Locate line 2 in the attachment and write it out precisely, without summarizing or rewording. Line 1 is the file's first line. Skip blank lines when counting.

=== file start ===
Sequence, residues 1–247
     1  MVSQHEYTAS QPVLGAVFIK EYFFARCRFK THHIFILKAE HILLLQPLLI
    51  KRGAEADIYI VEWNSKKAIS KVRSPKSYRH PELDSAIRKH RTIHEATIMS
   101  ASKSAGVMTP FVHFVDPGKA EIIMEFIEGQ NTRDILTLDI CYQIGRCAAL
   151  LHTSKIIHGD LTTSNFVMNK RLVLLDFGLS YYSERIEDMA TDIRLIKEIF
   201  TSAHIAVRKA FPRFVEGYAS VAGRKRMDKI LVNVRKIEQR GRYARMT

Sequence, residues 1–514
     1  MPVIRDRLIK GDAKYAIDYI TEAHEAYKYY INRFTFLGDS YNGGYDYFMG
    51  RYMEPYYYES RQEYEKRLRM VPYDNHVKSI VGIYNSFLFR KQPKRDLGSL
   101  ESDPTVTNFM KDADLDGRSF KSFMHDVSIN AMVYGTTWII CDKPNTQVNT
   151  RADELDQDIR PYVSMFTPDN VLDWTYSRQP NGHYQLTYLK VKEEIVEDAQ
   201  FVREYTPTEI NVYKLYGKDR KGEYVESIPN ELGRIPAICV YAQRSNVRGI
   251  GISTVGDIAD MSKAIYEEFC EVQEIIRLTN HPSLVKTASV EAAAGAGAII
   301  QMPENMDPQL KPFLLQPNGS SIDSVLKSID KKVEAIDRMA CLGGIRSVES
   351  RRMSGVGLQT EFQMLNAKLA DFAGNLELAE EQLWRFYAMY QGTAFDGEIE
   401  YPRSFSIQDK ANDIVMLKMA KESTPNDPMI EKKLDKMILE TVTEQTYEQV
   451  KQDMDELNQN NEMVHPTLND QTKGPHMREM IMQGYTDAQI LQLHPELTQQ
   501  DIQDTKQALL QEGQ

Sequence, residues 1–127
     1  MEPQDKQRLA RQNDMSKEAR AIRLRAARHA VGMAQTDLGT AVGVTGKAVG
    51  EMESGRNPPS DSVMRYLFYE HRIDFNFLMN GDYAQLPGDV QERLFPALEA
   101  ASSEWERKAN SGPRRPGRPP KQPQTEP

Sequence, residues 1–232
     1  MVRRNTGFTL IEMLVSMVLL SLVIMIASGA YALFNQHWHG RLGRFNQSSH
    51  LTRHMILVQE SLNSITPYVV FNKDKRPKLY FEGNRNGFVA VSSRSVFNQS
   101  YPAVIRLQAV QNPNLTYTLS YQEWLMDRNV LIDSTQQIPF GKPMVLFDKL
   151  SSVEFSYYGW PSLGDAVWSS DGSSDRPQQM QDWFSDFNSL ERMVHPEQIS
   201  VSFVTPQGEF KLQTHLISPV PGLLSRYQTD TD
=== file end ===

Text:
     1  MVSQHEYTAS QPVLGAVFIK EYFFARCRFK THHIFILKAE HILLLQPLLI